From time to time, I get asked tax questions. A common question is: are there taxes on home sales? The best time to ask this question is not after you've sold your real estate, but if you've already passed the keys onto someone else here's what you need to know.
You Sold Your House. Now What?
Whether or not you are exempt from tax will depend on your filing status, the amount of the gain and your occupancy status for the property sold.
In the past there was a provision that you needed to reinvest your gain proceeds into a home that cost the same or more than the one you sold. But that rule went away in the 1990s and was replaced by a new rule. Under Internal Revenue Code Section 121, you only pay taxes when your gain on the sale of your primary residence is more than $250,000 above your basis if you are a single filer, or $500,000 if you are filing jointly. This rule doesn't apply to investment property sales or to the gain on that portion of a multi-family rental property that you did not live in as your primary residence.
Your gain is figured by determining your basis. Your basis consists of what you originally paid for the property plus certain closing costs at the time. Then you add in major home improvements (e. g. new kitchen, adding a room, etc.) and whatever real estate transaction fees you incurred.
To figure out the gain, take your sale price less this basis. If the difference is less than $250,000 (single filer) or $500,000 (filing jointly), you will have no tax on any of your gain. You will need to file a form with your taxes to document this. (For related reading, see: Avoid Capital Gains Tax on Your Home Sale.)
Taxes on Home Sales: Calculating Gain on Home Sale
Let's say you and your spouse bought your home back in 1993 at $157,000. At the time you probably had about $860 in closing costs that count toward your basis. Over the years you invested in certain improvements like a new room addition costing you $40,000. Your basis at this point is $197,860.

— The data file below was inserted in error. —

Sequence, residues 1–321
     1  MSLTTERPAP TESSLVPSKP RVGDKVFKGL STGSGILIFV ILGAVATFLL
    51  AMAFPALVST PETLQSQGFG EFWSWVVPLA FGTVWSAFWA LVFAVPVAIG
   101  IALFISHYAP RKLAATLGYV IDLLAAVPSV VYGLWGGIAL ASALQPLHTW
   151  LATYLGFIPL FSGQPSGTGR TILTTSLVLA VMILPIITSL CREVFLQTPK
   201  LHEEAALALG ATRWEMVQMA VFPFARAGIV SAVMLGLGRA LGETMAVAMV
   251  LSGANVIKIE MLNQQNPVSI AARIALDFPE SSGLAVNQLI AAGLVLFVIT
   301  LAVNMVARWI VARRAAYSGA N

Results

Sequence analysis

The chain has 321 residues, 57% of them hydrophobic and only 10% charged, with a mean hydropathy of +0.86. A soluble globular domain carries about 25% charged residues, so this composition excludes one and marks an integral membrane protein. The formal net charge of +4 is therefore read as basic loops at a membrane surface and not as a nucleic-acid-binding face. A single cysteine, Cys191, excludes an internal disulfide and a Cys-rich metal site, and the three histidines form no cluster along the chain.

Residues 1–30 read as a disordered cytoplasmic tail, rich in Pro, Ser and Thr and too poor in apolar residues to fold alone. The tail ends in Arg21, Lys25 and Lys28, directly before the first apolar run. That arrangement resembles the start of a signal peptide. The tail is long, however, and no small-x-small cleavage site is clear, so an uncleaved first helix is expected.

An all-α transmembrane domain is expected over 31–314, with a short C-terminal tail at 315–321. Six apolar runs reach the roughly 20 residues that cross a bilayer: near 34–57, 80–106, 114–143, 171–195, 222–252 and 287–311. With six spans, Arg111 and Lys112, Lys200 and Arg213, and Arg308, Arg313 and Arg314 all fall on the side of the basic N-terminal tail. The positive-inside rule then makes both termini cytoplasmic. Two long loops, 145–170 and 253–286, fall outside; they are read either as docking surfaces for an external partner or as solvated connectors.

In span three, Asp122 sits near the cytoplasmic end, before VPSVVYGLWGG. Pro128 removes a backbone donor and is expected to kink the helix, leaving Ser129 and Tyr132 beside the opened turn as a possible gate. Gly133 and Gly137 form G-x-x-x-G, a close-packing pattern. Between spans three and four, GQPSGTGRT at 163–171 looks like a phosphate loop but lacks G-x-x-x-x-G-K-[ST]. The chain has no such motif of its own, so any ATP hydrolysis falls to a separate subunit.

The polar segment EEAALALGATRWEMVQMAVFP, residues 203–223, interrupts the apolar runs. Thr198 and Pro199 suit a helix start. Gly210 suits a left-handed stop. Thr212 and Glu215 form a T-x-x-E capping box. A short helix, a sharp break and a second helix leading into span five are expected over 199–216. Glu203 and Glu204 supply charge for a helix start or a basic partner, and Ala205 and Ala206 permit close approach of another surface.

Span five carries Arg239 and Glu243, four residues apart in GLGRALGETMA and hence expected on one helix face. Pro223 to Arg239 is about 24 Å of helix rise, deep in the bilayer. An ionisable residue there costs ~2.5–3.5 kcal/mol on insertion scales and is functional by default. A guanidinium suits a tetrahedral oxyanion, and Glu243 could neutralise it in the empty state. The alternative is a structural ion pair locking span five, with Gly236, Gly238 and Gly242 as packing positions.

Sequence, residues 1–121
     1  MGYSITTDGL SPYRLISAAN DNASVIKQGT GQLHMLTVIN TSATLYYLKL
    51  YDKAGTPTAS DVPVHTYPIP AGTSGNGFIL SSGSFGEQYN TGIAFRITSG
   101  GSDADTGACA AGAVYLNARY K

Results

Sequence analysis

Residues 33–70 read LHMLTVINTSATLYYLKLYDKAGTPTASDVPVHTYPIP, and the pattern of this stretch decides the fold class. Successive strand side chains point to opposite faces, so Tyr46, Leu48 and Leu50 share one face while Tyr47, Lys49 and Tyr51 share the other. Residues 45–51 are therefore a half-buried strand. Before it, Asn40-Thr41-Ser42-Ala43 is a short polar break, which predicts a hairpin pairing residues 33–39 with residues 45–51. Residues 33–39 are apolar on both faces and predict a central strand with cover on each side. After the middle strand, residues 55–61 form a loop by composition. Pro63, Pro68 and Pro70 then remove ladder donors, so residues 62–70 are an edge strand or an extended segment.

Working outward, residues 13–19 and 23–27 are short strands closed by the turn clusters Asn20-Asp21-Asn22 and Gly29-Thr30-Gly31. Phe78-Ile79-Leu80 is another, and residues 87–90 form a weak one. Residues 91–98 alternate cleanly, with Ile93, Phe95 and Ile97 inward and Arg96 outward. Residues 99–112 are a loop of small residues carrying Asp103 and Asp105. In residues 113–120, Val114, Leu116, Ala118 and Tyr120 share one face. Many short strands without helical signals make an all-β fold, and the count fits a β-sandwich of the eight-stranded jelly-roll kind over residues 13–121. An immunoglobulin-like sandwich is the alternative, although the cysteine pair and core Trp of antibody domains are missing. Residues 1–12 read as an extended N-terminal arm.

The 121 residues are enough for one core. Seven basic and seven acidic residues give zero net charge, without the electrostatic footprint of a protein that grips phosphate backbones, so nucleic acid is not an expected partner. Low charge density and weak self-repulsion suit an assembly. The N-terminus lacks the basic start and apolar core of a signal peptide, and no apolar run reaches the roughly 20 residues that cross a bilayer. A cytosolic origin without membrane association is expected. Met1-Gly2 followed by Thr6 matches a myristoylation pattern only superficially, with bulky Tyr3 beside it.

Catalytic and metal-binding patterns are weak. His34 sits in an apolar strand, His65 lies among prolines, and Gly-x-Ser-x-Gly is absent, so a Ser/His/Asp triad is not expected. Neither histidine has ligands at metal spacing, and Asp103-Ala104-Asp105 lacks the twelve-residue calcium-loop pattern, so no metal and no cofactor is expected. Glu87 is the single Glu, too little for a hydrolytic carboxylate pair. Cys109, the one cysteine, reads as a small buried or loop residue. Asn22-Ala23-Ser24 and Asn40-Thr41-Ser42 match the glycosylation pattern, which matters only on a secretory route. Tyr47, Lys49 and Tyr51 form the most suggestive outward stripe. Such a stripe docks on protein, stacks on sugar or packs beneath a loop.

Now it's 2016 and you decide to sell. You get an offer that you accept for $553,500. At the closing you'll receive a check for proceeds net of your mortgage payoff, seller closing costs and real estate commission. Let's say you had a mortgage of $67,950, about $2,500 in closing costs (i.e. recording fees, attorney fees, courier charges) and another $33,200 for the real estate commission (about 6%).
At the closing you'll receive a check for $449,850.
You're feeling pretty flush, but then you think about taxes (unless you were proactive and reached out to your financial advisor before listing the property to model this ahead of time). How much of this $449,850 check do you now need to set aside for taxes? Your tax planner would tell you that you don't have to worry about taxes on home sales. Why? Your updated basis is the original purchase price plus the allowed closing costs when you bought and sold the property and the cost of that nice room addition. Finally, you add in the real estate commission as part of the selling expenses and it totals $233,560. (For related reading, see: A Tax Primer for Homeowners.)
Your gain is your sale price less the adjusted basis. So, in this case it is $319,940 ($553,500 less $233,560). As a married couple you have an exemption of $500,000 over your adjusted basis before any capital gains tax applies. Since $319,940 falls well within $500,000, you don't have any taxable gain.
Determining if Your Property Sale is Exempt
To best determine whether or not your property sale is exempt, you may want to speak with a qualified tax planner. You can also review the relevant IRS publication.
(For more from this author, see: 8 Ways You Can Minimize Taxes.)